knowledge management: a literature review

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Is technology the key critical factor, which determines the success or failure of a Knowledge Management (KM) implementation initiative? Are there other factors, which contribute to its success or failure? KM is concerned with sharing and managing information. People need to be seen as the primary key to its success, as they play a very crucial role. People hold substantial amounts of information and they need to be encouraged to share it. Technology is available to support knowledge sharing, but this does not mean that people will automatically give it up. This paper examines the human element of knowledge management

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  • 1. KNOWLEDGE MANAGEMENT: A LITERATURE REVIEW BY OLIVIA MORAN [www.oliviamoran.me]
  • 2. About The Author Olivia Moran is a leading training specialist who specialises in E-Learning instructional design and is a certified Moodle expert. She has been working as a trainer and course developer for 3 years developing and delivery training courses for traditional classroom, blended learning and E-learning. Courses Olivia Moran Has Delivered: MOS ECDL Internet Marketing Social Media Google [Getting Irish Businesses Online] Web Design [FETAC Level 5] Adobe Dreamweaver Adobe Flash Moodle Specialties: Moodle [MCCC Moodle Certified Expert] E Learning Tools/ Technologies [Commercial & Open Source] Microsoft Office Specialist Web Design & Online Content Writer Adobe Dreamweaver, Flash & Photoshop__________________________________________________________________________________________________________________ Page: 2 2006 Olivia Moran [www.oliviamoran.me] The Human Element Of Knowledge Management
  • 3. A Literature Review THE HUMAN ELEMENT OF KNOWLEDGE MANAGEMENT Submitted for PGD/MSc in Computing and Information Systems Management [University of Ulster, October 2006] Abstract Is technology the key critical factor, which determines the success or failure of a Knowledge Management (KM) implementation initiative? Are there other factors, which contribute to its success or failure? KM is concerned with sharing and managing information. People need to be seen as the primary key to its success, as they play a very crucial role. People hold substantial amounts of information and they need to be encouraged to share it. Technology is available to support knowledge sharing, but this does not mean that people will automatically give it up.__________________________________________________________________________________________________________________ Page: 3 www.oliviamoran.me 2006 Olivia Moran [www.oliviamoran.me] The Human Element Of Knowledge Management
  • 4. IntroductionAs Drucker (1995) had predicted, knowledge has become the key economic resource and thedominant source of competitive advantage for organisations today. Covin et al (1997) shares thisview by highlighting that top management in the US Fortune 500 firms view their knowledgeresource as critical for organisational success.Knowledge has always been regarded by organisations as an important contributing factor to theirsuccess. However, it is only in recent years that they have realised the importance of managing thisknowledge. Consequently, organisations have begun searching for better management practicesto achieve this. This has led to the concept of an initiative called Knowledge Management (KM).KM is defined as, any process or practice of creating, acquiring, capturing, sharing and usingknowledge, where it resides, to enhance learning and performance in organisations Scarbroughand Swan (1999).Traditionally the implementation of KM was regarded as a technical exercise. It is only in recentyears that practitioners have begun to focus their attention on the softer issues i.e. the humanelement of KM implementation. According to Scarbrough et al (1999) KM does not equaltechnology and that installing Information Technology does not equal implementing KM.It is slowly emerging among academics and researchers that while KM is concerned withInformation Technology, there are also many human elements that need to be addressed whenimplementing any change management initiative and according to Bresnahan et al (2002), KM isno exception to this.While agreement is emerging that KM may be people based and not technologically based, thereappears to be little research to date that supports this view. As a result, it has been decided thatthis review will focus on the human elements that need to be considered when implementing aKM initiative.Common key factors arising have been examined, along with their contributions to the success ofimplementation. To achieve this, various KM Models have been reviewed. The success factors andobstacles affecting the process are identified. The way in which these influence the process is alsoconsidered.Recommendations are made concerning future research and development. In order to limit thescope of this review, it will not focus on Information Technology but solely on the human aspectsof KM implementation.CultureIt has been highlighted by various researchers that the type of culture existing in an organisation isvital to the success of any KM initiative. According to Chase (1997) organisational culture must benurtured in order for knowledge management implementation success.Generally it is agreed among researchers such as Choi (2000) that the culture in an organisationmust be knowledge friendly in order for the implementation programme to be a success. For aKM initiative to be successful it must match the organisations current culture. KM can only thrivewhere organisational members feel free to openly communicate, share, experiment and learnwithout fear of criticism or punishment.__________________________________________________________________________________________________________________ Page: 4 2006 Olivia Moran [www.oliviamoran.me] The Human Element Of Knowledge Management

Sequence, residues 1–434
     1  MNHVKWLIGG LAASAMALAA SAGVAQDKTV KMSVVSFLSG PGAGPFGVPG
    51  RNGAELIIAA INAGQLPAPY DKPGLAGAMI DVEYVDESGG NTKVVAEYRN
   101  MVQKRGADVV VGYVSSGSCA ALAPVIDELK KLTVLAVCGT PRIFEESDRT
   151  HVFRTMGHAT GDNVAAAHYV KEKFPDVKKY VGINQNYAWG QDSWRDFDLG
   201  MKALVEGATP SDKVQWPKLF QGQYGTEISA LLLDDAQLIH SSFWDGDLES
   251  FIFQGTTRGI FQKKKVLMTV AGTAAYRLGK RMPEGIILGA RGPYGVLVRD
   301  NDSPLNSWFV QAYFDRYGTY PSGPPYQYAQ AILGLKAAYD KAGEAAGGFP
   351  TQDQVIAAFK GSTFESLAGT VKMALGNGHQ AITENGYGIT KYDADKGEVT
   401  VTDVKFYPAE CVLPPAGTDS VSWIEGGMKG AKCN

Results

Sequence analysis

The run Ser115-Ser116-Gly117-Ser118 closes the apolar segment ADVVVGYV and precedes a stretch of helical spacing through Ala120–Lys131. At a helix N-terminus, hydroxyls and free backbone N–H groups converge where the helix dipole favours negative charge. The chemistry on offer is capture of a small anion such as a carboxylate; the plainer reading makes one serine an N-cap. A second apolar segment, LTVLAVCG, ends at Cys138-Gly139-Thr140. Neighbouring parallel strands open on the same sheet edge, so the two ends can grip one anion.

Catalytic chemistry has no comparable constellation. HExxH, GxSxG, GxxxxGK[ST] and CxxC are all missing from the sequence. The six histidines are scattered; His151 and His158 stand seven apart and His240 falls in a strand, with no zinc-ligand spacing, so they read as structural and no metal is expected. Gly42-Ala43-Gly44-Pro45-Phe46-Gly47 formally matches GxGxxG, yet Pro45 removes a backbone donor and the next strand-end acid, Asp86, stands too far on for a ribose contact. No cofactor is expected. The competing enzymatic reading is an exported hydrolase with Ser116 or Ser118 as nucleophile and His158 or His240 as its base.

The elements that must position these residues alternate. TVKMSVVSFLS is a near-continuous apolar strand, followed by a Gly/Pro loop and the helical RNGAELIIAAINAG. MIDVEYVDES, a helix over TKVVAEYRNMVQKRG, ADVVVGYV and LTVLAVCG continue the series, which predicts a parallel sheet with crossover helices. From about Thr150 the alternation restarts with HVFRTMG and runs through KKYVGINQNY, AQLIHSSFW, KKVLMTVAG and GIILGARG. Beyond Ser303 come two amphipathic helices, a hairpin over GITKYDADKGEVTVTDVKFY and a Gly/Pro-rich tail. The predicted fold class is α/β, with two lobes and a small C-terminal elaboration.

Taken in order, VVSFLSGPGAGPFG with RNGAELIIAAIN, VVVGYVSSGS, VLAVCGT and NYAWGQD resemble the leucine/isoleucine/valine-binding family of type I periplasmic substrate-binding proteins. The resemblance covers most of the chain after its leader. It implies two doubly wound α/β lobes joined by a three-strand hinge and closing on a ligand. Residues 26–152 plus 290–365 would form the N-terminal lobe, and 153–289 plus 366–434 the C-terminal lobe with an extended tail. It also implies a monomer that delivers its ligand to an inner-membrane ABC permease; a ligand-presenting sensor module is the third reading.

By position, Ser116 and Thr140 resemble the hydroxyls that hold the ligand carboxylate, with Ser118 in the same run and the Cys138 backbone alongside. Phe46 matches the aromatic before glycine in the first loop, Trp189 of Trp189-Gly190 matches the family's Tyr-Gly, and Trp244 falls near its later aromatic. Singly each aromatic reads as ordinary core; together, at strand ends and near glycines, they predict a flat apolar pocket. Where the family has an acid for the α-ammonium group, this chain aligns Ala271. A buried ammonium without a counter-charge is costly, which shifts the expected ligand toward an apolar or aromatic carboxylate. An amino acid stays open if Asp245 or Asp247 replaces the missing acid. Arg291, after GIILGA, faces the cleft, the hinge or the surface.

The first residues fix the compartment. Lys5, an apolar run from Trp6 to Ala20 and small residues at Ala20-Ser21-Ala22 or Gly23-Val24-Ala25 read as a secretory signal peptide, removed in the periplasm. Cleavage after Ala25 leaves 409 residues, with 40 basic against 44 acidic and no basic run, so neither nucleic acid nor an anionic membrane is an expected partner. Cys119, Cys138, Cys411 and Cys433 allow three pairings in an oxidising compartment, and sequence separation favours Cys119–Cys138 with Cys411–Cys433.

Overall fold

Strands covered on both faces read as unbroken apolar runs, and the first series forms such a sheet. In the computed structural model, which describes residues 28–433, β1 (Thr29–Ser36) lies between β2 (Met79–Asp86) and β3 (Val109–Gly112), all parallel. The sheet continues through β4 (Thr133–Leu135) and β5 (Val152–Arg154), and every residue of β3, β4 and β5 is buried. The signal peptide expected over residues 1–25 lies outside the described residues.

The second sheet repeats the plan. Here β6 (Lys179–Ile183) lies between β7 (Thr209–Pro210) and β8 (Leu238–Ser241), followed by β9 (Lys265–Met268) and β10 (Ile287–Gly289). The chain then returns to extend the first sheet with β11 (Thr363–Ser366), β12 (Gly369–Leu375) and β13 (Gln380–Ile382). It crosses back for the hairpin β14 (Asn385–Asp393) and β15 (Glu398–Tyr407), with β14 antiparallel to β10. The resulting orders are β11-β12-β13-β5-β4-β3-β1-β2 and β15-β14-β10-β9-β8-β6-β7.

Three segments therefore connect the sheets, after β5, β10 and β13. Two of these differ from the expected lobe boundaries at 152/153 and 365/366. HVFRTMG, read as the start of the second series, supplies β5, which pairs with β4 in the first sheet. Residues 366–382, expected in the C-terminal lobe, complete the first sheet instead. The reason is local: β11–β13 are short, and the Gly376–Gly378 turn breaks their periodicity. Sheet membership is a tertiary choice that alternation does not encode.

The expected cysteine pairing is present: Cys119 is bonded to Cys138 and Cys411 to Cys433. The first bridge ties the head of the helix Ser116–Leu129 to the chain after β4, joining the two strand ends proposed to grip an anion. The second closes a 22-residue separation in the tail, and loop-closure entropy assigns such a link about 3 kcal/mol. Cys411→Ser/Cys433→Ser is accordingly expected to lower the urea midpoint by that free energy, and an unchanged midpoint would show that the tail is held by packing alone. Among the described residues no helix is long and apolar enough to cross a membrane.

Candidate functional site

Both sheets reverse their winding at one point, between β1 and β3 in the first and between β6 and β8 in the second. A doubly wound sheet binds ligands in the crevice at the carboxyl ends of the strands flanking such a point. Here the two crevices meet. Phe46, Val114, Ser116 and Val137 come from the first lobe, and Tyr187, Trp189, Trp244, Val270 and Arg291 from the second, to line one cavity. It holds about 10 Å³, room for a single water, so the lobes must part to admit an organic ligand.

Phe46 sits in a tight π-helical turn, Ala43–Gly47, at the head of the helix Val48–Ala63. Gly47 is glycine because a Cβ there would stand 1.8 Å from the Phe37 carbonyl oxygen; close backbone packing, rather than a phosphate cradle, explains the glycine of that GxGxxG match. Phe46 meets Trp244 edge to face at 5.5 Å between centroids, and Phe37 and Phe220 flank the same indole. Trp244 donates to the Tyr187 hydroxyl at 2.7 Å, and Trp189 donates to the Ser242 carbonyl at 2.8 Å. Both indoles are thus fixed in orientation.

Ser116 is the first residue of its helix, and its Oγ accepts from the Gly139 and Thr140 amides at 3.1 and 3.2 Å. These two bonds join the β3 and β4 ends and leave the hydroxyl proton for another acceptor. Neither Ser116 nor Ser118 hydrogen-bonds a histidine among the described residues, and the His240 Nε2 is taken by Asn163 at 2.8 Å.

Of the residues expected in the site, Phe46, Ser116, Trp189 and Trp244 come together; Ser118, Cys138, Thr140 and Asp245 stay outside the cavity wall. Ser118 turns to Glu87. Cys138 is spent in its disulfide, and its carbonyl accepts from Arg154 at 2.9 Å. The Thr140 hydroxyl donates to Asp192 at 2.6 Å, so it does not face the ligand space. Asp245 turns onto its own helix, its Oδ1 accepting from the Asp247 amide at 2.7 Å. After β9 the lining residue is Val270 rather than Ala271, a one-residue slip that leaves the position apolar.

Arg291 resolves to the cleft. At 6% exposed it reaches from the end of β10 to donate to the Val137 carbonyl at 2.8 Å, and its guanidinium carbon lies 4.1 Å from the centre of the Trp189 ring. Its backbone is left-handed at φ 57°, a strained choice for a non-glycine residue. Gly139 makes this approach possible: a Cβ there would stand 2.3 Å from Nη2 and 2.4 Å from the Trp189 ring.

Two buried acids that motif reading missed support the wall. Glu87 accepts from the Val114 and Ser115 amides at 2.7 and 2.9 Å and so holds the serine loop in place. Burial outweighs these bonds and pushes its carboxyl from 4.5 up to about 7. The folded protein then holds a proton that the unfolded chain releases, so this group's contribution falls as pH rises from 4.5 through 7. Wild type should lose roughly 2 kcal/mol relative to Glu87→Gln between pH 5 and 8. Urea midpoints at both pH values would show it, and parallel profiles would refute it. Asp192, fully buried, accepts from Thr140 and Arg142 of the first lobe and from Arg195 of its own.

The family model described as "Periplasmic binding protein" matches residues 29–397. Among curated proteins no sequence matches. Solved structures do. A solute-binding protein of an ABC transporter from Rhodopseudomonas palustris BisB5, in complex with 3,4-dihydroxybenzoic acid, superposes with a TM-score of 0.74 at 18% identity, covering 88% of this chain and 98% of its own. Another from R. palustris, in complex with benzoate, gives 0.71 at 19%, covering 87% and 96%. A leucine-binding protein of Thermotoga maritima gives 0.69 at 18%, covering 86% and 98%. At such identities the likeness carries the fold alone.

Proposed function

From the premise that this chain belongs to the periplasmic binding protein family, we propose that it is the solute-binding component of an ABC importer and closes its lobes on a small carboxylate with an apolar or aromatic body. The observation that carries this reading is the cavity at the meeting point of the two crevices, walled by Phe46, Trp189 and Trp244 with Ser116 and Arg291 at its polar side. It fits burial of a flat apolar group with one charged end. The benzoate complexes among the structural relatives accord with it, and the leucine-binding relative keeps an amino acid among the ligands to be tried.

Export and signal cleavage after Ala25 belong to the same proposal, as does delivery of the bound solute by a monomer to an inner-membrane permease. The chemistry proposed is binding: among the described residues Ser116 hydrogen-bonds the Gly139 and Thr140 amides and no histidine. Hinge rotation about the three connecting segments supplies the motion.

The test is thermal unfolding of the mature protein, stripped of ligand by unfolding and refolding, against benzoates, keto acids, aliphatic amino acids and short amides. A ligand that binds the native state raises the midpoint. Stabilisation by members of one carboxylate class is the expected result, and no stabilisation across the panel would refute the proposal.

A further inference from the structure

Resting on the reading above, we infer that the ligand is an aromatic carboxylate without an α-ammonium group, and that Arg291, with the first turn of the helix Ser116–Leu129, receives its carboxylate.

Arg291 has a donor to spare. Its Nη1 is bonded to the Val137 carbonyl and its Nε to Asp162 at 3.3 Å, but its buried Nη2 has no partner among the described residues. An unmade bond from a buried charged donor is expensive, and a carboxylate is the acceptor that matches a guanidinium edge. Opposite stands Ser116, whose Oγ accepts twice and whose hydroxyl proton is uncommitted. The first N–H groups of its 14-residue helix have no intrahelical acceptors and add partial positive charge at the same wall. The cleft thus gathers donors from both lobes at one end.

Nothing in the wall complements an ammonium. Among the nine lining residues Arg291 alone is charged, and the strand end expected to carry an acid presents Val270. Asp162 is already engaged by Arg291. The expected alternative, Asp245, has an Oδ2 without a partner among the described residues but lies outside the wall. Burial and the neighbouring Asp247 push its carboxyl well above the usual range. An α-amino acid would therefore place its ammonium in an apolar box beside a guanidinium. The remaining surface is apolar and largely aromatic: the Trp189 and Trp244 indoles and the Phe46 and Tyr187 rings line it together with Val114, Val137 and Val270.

• 5. From close examination of these statements it is recognised that culture, which is clearly shaped bypeople is the foundation to the successful implementation of KM. One of the critical key successfactors includes encouraging people to give up their information and to share it with others.Culture is critical to achieving this and in most cases an organisational culture shift is required. Thequestion remaining to be asked then is, how does an organisation succeed in achieving the type ofculture that they need in order to ensure the successful implementation of KM?The answer to this question is not always easy to find. Culture can be quite difficult to define andcannot be changed over night. It can be rooted and embedded so deeply in an organisation that itis often overlooked when implementing KM. This thought is backed up by Sherriton and Stern(1997) who highlight that managers often overlook culture when implementing such an initiativebecause it is so internal and embedded that it becomes automatic and unconscious.An international survey of the approaches adopted to KM by 500 companies revealed that 80% ofrespondents cited organisational culture as a major barrier to the successful implementation ofKM Skyrne & Amidon (1997). Clearly indicated from results of this research, it is of greatimportance to take culture into account when implementing KM. Clearly it is substantive to arguethat ignoring this issue is taking the first step on the road to failure.Although it is observed from the research at hand, that culture is a critical element forconsideration, the next step involves asking, how does an organisation achieve this knowledgefriendly culture and what human elements does it need to take into account in doing so?LeadershipSupport for KM must be evident at all levels in an organisation. This includes top managementright down to the bottom floor. If an initiative is supported and understood, then itsimplementation will run consequently smoother, speedier, more efficient and effective.One can hardly expect that employees will be enthusiastic about taking part in a system if topmanagement fail to show support and acknowledge its importance.In fact, poor leadership according to Choi (2000) has been identified as a threat to successfulimplementation of KM. The author is left with little doubt that management must endeavour toprovide a clear and adequate direction to all their employees if KM is going to be a success in anyorganisation.Employee InvolvementEmbarking on a KM initiative will undoubtedly lead to change. This change must be managed.People do not like uncertainty and that is exactly what implementing KM brings to the table. Evenwhen change is being made for a better future, it is often resisted. This hesitation is a naturalresponse.It is desirable that everyone expected to participate in the process has an opportunity to contributeto the formulation of KM and comprehend its importance. It has been highlighted that It is theknowledge workers themselves who tend to be the most appropriate people to decide how toinitiate, plan, organise and co-ordinate their major work tasks Newell et al (2002). However,some companies continue to purposely exclude their staff from giving input and simply force theprogram onto them and expect them to take part.__________________________________________________________________________________________________________________ Page: 5 2006 Olivia Moran [www.oliviamoran.me